- A comprehensive editorial report, which will allow you to make effective revisions.
- Comments and suggestions within your manuscript, to help you better understand what’s effective and what can be improved.
- If your story could benefit from some restructuring, I’ll make graphs or spreadsheets to show when events currently happen, and where the tension rises and falls.
Who’s it for?
This service will suit you if you want a detailed overview of your novel, along with targeted feedback within your text.
What does it cost?
More about the process
Included with a manuscript critique:
- I’ll send you a questionnaire so I can learn more about you and your manuscript. This is so I can understand which elements of your writing are most important to you, which helps me to give you the feedback you require.
- Next, I’ll read your manuscript and make detailed notes.
- Finally, I’ll create your editorial report (usually 10–20 pages). This will contain an in-depth analysis of your story. I’ll discuss things like plot, pacing, character development, dialogue, theme(s) and setting. I’ll touch on grammar and spelling, but they won’t be the main focus (addressing those issues in depth would be classed as copyediting).
- My feedback won’t only be critical! I want you to come away excited to create the next draft, so I’ll be pointing out what you’re already getting right too.
- I’ll make further notes, within your manuscript, using Microsoft Word’s Track Changes and commenting features. These will help demonstrate what I discuss in the editorial report. Most of these will be observations rather than rewrites (e.g. I might highlight examples of head hopping or sudden changes in tense).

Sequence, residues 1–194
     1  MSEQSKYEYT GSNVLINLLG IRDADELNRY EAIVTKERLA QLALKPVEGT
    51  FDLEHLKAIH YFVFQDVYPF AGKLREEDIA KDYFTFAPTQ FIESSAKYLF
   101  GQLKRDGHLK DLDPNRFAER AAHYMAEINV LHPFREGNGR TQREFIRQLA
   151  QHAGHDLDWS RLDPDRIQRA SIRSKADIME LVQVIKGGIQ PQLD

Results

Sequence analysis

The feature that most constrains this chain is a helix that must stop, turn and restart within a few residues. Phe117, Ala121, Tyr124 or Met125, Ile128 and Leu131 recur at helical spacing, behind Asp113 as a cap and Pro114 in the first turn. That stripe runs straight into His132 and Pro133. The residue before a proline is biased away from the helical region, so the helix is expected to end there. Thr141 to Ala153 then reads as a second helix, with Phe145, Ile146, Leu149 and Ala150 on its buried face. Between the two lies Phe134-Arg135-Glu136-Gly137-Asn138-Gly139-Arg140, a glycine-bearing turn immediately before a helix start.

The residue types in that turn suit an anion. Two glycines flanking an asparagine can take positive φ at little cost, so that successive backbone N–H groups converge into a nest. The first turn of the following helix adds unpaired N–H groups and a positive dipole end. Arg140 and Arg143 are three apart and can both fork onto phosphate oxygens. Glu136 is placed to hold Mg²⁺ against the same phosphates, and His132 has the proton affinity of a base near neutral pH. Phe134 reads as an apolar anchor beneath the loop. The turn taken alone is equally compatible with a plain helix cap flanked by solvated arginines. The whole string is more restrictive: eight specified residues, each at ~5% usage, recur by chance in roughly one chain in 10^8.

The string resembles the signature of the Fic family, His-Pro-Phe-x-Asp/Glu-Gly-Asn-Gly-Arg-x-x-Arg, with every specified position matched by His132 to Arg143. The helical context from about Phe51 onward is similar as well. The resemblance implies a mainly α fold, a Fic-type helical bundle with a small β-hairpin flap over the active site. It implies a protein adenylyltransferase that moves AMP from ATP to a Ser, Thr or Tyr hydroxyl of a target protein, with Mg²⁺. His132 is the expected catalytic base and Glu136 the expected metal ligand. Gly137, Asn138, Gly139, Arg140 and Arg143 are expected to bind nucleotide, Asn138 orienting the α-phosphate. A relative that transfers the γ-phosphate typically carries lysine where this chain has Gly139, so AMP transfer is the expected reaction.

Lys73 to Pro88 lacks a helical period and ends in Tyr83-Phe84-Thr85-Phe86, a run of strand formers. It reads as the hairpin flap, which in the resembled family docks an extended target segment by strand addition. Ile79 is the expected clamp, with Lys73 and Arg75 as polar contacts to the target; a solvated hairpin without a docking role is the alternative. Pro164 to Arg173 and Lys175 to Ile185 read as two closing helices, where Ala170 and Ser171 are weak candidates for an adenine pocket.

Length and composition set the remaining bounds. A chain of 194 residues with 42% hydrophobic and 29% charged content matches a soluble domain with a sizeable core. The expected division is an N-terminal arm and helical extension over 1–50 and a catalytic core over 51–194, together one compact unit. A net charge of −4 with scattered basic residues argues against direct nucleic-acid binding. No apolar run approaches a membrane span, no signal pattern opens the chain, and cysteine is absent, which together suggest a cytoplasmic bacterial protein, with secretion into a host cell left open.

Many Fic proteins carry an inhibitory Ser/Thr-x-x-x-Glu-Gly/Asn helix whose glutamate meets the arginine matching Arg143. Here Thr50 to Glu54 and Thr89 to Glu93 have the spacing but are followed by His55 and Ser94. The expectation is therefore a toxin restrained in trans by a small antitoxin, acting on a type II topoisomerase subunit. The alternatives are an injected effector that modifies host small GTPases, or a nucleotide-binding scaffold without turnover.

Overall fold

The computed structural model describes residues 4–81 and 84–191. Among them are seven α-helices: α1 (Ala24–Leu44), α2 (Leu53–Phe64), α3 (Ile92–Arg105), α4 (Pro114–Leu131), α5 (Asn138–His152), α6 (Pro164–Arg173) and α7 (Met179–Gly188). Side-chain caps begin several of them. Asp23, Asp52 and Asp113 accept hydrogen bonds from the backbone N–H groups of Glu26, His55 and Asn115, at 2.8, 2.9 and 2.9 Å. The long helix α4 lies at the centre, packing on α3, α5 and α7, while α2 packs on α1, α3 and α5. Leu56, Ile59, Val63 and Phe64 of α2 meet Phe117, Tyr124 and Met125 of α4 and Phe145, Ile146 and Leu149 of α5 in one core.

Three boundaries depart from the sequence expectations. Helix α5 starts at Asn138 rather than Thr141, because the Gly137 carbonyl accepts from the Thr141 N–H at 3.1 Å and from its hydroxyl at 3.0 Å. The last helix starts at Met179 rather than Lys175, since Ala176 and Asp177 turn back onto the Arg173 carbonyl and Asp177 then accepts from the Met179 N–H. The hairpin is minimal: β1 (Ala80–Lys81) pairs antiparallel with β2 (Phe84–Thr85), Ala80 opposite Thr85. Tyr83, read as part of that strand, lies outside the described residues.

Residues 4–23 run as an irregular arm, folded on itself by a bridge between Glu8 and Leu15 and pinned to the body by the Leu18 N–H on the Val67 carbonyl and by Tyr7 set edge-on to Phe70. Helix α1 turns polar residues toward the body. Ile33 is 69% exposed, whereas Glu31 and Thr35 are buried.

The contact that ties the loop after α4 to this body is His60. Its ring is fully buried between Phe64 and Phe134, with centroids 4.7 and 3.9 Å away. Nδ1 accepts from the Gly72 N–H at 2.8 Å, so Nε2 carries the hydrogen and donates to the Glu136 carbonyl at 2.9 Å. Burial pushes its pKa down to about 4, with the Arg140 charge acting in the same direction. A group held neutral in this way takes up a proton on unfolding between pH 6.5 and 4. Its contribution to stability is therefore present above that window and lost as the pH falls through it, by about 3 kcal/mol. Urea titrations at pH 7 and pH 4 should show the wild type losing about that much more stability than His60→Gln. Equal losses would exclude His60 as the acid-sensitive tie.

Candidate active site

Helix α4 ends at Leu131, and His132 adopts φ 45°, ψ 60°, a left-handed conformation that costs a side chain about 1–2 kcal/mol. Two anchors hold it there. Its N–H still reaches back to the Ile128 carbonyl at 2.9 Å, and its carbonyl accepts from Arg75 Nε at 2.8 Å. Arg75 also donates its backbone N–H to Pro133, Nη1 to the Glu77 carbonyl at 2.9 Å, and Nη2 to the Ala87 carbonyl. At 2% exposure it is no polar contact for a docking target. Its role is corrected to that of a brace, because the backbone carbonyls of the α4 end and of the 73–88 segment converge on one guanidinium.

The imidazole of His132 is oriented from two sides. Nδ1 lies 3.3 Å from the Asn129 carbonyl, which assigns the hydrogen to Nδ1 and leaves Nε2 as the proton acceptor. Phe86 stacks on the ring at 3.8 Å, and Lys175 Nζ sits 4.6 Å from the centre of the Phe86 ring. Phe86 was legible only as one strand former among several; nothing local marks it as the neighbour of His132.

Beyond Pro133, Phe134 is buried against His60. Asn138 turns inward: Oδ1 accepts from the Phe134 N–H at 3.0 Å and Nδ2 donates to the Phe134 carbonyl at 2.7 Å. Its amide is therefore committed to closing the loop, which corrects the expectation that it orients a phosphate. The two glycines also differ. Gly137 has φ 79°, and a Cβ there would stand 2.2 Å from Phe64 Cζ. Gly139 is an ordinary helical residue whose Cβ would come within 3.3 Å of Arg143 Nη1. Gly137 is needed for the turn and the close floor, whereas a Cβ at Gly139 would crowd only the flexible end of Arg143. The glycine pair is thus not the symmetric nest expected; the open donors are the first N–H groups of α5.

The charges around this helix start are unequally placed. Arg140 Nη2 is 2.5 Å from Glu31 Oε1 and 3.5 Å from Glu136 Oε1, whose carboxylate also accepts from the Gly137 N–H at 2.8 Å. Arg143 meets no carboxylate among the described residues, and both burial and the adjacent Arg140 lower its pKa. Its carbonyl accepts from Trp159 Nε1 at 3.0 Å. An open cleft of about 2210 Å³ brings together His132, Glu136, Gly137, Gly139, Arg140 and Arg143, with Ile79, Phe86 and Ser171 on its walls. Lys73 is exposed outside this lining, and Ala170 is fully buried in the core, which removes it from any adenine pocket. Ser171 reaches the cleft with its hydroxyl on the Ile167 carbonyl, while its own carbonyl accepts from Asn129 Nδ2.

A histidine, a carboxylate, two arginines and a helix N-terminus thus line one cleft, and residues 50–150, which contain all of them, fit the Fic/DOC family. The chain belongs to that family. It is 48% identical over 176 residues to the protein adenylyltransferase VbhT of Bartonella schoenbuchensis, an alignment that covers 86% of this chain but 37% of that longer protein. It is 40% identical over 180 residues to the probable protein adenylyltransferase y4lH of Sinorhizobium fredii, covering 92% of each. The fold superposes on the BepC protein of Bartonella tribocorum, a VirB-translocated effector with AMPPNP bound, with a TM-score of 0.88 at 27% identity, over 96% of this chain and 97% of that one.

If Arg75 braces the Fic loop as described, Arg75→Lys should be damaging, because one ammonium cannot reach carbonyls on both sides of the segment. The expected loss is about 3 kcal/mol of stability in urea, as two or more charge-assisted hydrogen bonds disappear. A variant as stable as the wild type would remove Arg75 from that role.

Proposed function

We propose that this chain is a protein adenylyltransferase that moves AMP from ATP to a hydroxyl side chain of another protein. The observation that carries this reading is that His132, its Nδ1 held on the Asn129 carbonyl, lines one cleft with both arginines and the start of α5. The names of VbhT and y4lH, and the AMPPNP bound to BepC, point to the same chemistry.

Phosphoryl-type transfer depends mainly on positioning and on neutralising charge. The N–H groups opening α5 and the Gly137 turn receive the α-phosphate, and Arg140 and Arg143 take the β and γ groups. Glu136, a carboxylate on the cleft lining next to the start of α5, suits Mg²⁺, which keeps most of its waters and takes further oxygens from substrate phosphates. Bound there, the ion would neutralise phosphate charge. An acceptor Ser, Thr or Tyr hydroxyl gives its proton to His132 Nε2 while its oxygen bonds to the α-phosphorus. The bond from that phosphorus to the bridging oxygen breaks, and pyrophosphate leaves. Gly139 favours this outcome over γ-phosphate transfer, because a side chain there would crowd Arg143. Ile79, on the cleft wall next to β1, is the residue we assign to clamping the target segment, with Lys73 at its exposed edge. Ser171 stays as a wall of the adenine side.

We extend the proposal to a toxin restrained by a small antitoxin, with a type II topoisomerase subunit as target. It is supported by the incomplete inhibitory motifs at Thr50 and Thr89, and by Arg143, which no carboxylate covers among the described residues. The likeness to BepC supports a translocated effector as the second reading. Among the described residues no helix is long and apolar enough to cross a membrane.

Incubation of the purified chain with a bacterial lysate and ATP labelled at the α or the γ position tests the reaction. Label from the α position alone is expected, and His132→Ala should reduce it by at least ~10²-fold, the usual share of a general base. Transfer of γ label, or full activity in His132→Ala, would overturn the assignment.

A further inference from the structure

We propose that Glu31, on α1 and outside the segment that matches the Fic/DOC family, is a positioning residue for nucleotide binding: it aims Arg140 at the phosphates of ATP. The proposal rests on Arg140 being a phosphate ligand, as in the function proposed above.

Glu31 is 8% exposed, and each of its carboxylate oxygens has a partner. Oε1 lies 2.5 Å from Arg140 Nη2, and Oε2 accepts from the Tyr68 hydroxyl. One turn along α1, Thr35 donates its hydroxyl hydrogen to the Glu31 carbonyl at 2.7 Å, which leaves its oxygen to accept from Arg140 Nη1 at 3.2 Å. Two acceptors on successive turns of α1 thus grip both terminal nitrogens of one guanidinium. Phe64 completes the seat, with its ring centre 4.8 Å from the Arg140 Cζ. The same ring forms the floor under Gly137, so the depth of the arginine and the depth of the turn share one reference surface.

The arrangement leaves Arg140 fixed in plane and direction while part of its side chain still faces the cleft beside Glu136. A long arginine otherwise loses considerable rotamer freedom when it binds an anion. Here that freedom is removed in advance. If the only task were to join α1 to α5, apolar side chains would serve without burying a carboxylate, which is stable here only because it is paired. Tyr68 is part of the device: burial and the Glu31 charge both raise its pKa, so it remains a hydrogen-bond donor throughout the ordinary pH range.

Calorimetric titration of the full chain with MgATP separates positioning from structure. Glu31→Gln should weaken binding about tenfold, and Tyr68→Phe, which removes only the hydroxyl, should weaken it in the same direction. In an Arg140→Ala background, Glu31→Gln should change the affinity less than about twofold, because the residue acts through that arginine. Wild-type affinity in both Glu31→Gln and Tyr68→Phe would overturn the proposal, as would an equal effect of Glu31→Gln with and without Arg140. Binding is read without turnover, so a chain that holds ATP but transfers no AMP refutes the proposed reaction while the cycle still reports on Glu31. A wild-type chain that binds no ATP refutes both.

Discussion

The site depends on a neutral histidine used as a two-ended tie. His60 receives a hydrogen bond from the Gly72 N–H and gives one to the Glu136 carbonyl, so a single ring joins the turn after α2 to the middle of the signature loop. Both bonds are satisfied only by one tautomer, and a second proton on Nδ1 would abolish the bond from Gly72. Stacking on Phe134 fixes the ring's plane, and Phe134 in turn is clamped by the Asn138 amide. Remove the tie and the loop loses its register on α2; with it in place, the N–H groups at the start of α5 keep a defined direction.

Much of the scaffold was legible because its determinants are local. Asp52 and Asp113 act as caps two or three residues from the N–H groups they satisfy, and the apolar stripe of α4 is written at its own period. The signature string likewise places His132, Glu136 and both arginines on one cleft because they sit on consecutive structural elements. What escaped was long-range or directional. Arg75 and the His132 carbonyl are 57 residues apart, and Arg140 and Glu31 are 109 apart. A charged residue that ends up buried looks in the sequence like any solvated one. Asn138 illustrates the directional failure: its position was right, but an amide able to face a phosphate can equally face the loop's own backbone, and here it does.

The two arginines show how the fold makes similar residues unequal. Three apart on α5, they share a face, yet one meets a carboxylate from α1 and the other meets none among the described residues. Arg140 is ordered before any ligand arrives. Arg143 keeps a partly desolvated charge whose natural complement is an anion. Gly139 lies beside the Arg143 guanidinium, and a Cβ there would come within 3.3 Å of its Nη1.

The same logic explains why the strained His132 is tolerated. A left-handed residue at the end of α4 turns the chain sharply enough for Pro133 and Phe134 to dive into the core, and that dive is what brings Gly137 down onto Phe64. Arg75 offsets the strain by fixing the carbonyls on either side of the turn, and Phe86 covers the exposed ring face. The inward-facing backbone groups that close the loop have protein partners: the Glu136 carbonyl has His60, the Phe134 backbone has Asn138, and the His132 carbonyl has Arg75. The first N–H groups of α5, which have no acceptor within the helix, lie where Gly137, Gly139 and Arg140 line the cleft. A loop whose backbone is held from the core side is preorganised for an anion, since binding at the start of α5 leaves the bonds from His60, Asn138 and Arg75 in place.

- However, I usually also choose some short scenes or sections, and offer examples of how they could be changed to be more effective. Again, this is to demonstrate how you might want to approach your rewriting, rather than to extensively provide the rewrites myself. That way, I remain your developmental editor, and I don’t become your cowriter!
- Sometimes there are great events in books, but they happen in the wrong place. (Imagine if Frodo had only left the Shire 90% of the way through The Lord of the Rings!) In cases where I think some restructuring could be beneficial, I’ll often include a graph or spreadsheet to demonstrate where things are now, and where they could be moved to.